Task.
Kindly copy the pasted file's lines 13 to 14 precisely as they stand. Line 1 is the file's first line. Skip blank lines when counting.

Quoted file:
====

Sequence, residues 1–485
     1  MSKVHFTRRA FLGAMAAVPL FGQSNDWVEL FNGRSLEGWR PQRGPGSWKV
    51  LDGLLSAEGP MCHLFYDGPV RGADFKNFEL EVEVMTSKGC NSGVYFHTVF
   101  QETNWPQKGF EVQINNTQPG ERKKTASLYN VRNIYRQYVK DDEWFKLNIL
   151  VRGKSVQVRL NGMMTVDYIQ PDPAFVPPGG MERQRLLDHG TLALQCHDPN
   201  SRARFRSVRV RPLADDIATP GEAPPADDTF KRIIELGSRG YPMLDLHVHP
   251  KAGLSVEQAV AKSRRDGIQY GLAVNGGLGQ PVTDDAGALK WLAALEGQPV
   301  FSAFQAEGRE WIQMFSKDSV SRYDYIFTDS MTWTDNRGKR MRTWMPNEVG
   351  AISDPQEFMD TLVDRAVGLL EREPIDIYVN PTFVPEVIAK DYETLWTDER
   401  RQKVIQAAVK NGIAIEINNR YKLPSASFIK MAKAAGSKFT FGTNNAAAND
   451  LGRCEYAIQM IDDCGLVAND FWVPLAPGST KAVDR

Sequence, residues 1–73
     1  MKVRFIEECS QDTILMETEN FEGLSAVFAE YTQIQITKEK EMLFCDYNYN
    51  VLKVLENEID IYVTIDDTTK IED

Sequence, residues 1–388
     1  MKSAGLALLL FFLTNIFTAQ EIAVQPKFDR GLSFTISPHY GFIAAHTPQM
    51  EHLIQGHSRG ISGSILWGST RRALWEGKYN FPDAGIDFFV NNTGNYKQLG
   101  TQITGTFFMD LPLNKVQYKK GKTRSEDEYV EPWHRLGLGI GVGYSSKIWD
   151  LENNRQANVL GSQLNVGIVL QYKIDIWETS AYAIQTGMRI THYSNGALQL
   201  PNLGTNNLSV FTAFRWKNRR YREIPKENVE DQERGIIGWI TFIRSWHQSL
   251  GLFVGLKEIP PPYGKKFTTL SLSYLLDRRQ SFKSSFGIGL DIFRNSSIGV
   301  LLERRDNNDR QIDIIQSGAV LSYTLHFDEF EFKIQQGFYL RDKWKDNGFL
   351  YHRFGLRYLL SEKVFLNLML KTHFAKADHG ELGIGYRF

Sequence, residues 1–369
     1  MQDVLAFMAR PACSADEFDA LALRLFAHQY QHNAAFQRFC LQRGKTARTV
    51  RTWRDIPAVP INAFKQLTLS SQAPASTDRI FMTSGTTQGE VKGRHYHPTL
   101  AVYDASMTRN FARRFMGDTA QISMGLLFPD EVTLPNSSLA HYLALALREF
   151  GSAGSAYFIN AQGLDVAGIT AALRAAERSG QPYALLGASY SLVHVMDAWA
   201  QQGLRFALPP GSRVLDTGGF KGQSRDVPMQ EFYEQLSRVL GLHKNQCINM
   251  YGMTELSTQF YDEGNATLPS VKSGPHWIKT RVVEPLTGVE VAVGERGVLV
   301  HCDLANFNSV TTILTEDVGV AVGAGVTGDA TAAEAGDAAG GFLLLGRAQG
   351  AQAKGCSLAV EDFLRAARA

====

     1  MKVRFIEECS QDTILMETEN FEGLSAVFAE YTQIQITKEK EMLFCDYNYN
    51  VLKVLENEID IYVTIDDTTK IED